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How Much Student Loan Debt Is Too Much?

While a college education is no guarantee of a job post-graduation, not getting a degree is strongly correlated with lower earnings and higher unemployment. High school seniors are stuck in a Catch-22: they must get post-secondary education in order to position themselves for success in the job market, but in doing so, they often saddle themselves with debt they can't afford.

"... [T]here is a sharp divide in employment rates and earnings for American workers by education level," write Michael Greenstone and Adam Looney at The Brookings Institution. "In April 2013, the unemployment rate for individuals twenty-five and older without a high school diploma was over 11 percent, but below four percent for those with a college degree. Indeed, because of the vast differences in job opportunities between high school graduates and college graduates, the rate of return to college exceeds 15 percent -- far higher than comparable returns on other assets."

Between 2000 and 2011, the number of first-time, full-time college students who received student loans increased 11 percent, according to the National Center for Education Statistics. For the academic year 2011-12, 51 percent of first-time students who attended college full-time had loans. An increase occurred at all types of institutions, public and private, four-year and two-year.

In addition, the average size of these loans increased, from $5,000 annually to $6,800, a 36 percent increase.

Why Has Student Loan Debt Increased?

In the simplest terms, students are forced to take on more debt because tuition has gone up while income has stagnated. The NCES reports that tuition and fees for full-time students at all institutions averaged $10,300 in 2011-2012 -- a 46 percent increase from 2000-2001's average of $7,100. (All numbers are rendered in 2012-2013 dollars.)

Meanwhile, income over the same period has faltered, especially when measured in real terms. The PayScale Index, which measures the change in wages of employed US workers, shows an increase of 7.5 percent since 2006 -- but The Real Wage Index, which incorporates the Consumer Price Index, shows that the buying power of those wages has fallen 7.5 percent, once inflation is taken into account.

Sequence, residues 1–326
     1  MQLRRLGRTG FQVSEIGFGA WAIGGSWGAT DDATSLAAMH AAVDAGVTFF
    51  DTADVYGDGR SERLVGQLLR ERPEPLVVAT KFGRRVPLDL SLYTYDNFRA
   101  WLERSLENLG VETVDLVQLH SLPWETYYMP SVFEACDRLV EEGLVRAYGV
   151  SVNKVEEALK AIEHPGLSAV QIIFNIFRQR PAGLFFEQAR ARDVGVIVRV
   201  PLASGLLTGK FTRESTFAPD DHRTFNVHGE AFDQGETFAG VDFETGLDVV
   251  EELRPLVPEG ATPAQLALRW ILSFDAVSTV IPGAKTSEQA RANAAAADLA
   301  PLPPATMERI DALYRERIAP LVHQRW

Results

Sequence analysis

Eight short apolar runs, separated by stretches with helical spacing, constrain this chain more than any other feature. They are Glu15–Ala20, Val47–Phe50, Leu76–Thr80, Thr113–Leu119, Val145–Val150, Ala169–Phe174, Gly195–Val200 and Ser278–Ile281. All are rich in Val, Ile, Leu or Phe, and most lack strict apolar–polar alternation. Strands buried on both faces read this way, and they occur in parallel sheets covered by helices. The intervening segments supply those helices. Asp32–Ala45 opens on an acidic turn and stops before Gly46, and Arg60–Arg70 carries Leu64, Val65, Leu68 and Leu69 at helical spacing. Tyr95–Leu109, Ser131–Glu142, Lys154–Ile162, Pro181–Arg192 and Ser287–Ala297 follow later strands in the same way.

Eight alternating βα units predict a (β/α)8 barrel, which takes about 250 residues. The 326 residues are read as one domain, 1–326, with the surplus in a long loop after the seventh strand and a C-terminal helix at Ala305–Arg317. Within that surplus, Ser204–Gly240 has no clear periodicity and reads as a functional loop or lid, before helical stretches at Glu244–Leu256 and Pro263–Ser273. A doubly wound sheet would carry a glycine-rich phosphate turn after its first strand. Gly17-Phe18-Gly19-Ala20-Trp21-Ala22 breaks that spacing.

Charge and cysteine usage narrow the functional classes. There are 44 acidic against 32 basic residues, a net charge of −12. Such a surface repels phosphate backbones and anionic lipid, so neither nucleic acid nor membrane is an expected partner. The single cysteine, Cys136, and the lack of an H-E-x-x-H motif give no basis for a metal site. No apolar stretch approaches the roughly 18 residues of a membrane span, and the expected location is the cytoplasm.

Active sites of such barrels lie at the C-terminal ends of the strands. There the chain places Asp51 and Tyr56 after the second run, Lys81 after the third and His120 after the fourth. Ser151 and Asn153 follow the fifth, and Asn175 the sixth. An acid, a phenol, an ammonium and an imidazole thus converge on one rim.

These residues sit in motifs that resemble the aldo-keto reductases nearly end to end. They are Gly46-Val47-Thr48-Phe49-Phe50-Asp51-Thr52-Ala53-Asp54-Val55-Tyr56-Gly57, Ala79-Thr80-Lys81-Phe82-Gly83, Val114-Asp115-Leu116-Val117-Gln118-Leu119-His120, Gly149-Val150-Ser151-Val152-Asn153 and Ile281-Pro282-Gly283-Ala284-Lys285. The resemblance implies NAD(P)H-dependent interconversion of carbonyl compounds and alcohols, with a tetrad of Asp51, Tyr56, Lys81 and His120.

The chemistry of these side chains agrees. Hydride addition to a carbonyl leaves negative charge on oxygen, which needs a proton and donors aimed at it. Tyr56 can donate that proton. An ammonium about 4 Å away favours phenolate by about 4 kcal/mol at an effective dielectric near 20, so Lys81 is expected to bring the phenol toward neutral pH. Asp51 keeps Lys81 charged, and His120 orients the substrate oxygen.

Funding like Pell Grants can't make up the shortfall. The American Association of State Colleges and Universities reports that the maximum Pell Grant for the 2009-2010 year covered only 36 percent of the cost of attending a four-year public college or university. Compare that to 1976, when the precursor to the Pell Grant program covered 72 percent of the costs. Furthermore, there are thousands of students whose families don’t qualify for Pell Grants, but don’t earn enough money to pay the sticker price of most private, and many public, universities.

Who Is Most Likely to Default?

According the NCES, about 4.7 million student loan recipients entered the repayment phase between October 1, 2010, and September 30, 2011. Ten percent defaulted before the end of 2012, meaning that they had not made a payment on their Direct Loan or Federal Family Education Loan for 270 days.
The default rate was highest at public two-year schools, at 15 percent, and lowest at private nonprofit schools, at 5.1 percent. The largest increase in defaults between 2009 and 2012 was also at public two-year schools (11.9 percent to 15 percent). During the same time period, the default rate actually improved at private, for-profit, four-year schools -- 15.4 percent to 13.4 percent.

Students with the smaller loan amounts are more likely to default on their debt than students with higher ones.